Joseph F. Coradino on the new tenant mix
Over the past several years, as the industry has experienced significant transformation, a new age of retail has emerged. Department store closures have opened new opportunities to re-imagine anchor tenants and an array of unique concepts and innovative segments are refreshing the traditional shopping experience. For retail real estate owners with foresight into retail trends and proactive strategy to enhance their portfolio, properties are shifting to become multipurpose social destinations for consumers in the community.
To put it simply, malls are not the same as they were 10 years ago and shouldn’t be burdened by an outdated definition. A new model has risen — one that prioritizes socializing with shopping; blends a rich variety of retail, dining, and entertainment tenants; and enhances the overall consumer experience. And at PREIT, it’s this mix of diversity, coupled with flexibility, that’s helping us truly redefine the mall.
There’s no cookie-cutter template for malls anymore. Success lies in a diverse and dynamic roster of tenants that range from shopping to experiential concepts. As consumers crave more social experiences, successful malls are driving traffic and sales with restaurants, entertainment concepts, fitness studios, grocery stores, salons and spas, and everything in between. Beyond experiential tenants, an array of retail segments is also diversifying the shopper journey, from off-price to fast-fashion retailers changing the game.
PREIT’s Plymouth Meeting Mall, for example, is a shining example of the mall of the future. Half of the tenancy is dedicated to dining and entertainment, with concepts such as Legoland Discovery Center, 5 Wits, and Dave & Buster’s complementing the mall’s retail and dining offerings. In addition, Burlington was recently announced as a new anchor tenant, aligning with the growing national trend of off-price retail. This continues the rich history of the property. It was one of the first malls to add Whole Foods as an anchor tenant in 2010, underscoring its vision for a differentiated mall platform nearly a decade ago.
Beyond shopping and dining, densification is the next major frontier for shopping center owners. By adding residential, office, or hotel room units to a property, owners can diversify their revenue streams, enhance asset value and increase capital. Simultaneously, they offer built-in shopping, dining and entertainment offerings for on-site residents, workers and guests. Growing alongside this trend is the addition of co-working spaces at retail centers. 1776, the largest network of incubators in the Northeast Corridor, recently partnered with PREIT to form a space at the Cherry Hill Mall that will focus on innovation in retail. This collaboration not only offers the mall as a unique experimental lab for 1776 entrepreneurs, but it also further differentiates the mall property among other retail centers in the region. Through smart partnerships and innovative thinking such as this example, retail properties can transform into community impact centers.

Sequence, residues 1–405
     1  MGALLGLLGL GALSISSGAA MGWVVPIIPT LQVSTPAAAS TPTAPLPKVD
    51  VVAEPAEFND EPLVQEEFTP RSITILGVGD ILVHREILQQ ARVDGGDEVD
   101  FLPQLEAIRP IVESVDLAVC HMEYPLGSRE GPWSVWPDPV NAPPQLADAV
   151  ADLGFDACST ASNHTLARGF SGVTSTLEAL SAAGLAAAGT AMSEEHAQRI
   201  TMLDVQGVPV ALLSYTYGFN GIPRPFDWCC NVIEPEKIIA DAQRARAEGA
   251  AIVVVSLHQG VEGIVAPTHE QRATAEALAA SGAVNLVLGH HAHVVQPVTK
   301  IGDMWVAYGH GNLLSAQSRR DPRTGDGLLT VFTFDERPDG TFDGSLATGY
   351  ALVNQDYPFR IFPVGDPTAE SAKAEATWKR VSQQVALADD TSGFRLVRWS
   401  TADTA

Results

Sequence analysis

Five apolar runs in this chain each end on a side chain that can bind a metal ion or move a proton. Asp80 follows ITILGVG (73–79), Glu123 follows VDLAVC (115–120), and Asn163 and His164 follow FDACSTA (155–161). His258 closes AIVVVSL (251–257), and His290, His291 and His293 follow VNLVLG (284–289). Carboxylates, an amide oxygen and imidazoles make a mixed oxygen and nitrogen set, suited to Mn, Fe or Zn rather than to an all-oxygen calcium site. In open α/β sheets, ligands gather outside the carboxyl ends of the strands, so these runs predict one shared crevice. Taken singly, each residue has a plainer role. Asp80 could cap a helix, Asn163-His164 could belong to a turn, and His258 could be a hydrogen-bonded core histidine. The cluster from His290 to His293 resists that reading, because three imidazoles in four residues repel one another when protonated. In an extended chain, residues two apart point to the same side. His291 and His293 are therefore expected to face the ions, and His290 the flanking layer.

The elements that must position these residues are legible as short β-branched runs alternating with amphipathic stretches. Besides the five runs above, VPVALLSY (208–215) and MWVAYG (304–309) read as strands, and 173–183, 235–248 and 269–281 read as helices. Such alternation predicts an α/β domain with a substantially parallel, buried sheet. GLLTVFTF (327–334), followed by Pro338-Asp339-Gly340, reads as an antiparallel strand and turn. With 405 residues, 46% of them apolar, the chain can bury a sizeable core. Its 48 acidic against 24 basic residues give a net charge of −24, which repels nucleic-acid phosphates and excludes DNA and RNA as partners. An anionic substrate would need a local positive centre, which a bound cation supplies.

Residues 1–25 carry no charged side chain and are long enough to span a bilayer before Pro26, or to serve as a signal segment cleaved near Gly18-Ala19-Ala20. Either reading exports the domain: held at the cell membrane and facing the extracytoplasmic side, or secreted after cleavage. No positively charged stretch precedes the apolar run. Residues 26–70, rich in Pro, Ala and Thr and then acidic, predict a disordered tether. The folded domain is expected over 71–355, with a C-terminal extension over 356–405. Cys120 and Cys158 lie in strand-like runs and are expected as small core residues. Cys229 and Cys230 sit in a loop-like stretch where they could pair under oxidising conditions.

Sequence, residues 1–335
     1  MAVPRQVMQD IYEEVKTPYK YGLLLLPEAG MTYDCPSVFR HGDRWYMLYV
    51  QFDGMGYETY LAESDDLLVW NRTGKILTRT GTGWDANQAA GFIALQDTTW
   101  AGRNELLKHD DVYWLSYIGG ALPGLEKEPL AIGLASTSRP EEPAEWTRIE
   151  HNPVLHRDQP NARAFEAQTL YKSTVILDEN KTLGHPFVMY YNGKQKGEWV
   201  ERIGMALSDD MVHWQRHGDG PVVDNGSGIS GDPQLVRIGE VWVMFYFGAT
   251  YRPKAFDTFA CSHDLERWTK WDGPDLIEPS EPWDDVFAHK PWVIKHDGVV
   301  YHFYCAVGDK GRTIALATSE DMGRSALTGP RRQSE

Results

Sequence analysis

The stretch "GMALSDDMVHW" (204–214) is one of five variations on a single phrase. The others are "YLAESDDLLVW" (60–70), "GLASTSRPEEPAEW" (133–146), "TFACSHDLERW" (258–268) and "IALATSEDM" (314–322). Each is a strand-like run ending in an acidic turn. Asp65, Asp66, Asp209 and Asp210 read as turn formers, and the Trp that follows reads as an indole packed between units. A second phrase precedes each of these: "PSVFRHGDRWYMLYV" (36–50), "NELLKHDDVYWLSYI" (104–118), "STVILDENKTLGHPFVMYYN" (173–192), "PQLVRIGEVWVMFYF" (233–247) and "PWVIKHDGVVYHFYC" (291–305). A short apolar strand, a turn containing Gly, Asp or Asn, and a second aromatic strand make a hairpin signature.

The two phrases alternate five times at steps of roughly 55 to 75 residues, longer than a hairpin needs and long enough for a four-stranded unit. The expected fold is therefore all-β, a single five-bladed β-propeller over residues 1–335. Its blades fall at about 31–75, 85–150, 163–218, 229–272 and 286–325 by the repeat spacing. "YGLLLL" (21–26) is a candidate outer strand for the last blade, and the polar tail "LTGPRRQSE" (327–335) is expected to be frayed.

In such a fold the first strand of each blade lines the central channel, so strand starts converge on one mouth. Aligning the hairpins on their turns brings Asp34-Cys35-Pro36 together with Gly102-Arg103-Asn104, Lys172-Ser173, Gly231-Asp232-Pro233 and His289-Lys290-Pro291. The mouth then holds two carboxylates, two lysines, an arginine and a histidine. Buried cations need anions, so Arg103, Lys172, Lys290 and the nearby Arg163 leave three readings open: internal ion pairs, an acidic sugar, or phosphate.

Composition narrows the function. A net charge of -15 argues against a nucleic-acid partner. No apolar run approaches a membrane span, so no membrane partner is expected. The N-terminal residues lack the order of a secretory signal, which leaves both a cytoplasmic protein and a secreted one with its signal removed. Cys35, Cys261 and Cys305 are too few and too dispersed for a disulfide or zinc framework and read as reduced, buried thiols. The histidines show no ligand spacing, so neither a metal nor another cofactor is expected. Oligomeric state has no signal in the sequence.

Just as traditional shopping centers are transforming their tenant models, traditional lease agreements are evolving as well. As brands consider their brick-and-mortar presence, they’re looking for arrangements that fit their needs, and the answer is not always a one-size-fits-all approach. At PREIT, we’re focused on being flexible to optimize space and time leveraging pop-ups, kiosks and other formats to satisfy demand — particularly for e-commerce companies expanding to physical retail.
We recently announced that revolutionary in-home fitness experience Peloton opened a 300-sq.-ft. kiosk in center court of Cherry Hill Mall, offering customers the opportunity to test the technology and immersive class content. By welcoming an array of solutions, mall owners can help cultivate tenants that are new to the mall environment and cultivate longer-lasting relationships in the process. It may take some creativity, but collaborating with tenants can be a win-win-win for retail owners, tenants, and shoppers alike.
The industry has truly evolved over the past several years, and continued transformation is still on the horizon. But a thoughtful, diverse, and well-curated range of tenants can hold the key for a continued bright retail future.
Joseph F. Coradino is chairman and CEO of PREIT, based in Philadelphia.
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